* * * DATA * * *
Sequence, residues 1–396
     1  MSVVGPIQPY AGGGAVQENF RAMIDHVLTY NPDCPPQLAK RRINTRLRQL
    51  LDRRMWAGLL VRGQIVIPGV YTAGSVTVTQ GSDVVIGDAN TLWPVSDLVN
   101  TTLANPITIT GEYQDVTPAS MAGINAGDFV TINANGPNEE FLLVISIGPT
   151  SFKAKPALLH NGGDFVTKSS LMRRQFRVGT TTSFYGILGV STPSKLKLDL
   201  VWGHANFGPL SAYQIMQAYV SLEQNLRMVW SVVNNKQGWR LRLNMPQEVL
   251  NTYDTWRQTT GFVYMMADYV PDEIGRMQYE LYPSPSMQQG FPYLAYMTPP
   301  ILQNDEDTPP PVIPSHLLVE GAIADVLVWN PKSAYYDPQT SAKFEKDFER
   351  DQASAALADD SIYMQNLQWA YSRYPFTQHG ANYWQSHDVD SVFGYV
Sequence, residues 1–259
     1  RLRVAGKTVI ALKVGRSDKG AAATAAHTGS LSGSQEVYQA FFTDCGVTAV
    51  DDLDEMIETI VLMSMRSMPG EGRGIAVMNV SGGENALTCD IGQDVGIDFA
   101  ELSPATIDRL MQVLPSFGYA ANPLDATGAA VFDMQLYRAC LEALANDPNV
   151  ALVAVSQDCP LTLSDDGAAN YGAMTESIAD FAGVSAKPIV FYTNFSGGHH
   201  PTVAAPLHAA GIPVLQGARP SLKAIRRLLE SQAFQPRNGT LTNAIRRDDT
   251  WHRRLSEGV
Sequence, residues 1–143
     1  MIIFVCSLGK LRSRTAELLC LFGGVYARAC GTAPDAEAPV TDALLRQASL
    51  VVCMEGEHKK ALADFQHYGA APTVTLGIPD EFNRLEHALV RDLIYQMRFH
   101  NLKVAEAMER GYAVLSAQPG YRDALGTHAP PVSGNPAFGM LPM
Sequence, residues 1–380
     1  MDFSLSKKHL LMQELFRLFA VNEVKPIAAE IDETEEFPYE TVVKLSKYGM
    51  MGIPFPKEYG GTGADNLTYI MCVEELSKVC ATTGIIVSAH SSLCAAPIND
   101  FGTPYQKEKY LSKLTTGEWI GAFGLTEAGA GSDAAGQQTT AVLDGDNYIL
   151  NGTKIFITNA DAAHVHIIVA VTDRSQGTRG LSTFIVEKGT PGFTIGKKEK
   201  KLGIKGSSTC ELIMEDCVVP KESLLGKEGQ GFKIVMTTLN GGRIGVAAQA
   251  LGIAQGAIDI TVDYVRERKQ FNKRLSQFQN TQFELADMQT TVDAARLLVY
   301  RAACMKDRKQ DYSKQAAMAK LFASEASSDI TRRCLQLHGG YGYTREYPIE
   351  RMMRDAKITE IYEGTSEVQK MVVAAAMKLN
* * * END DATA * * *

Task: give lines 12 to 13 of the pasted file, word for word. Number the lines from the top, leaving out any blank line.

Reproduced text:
    51  DDLDEMIETI VLMSMRSMPG EGRGIAVMNV SGGENALTCD IGQDVGIDFA
   101  ELSPATIDRL MQVLPSFGYA ANPLDATGAA VFDMQLYRAC LEALANDPNV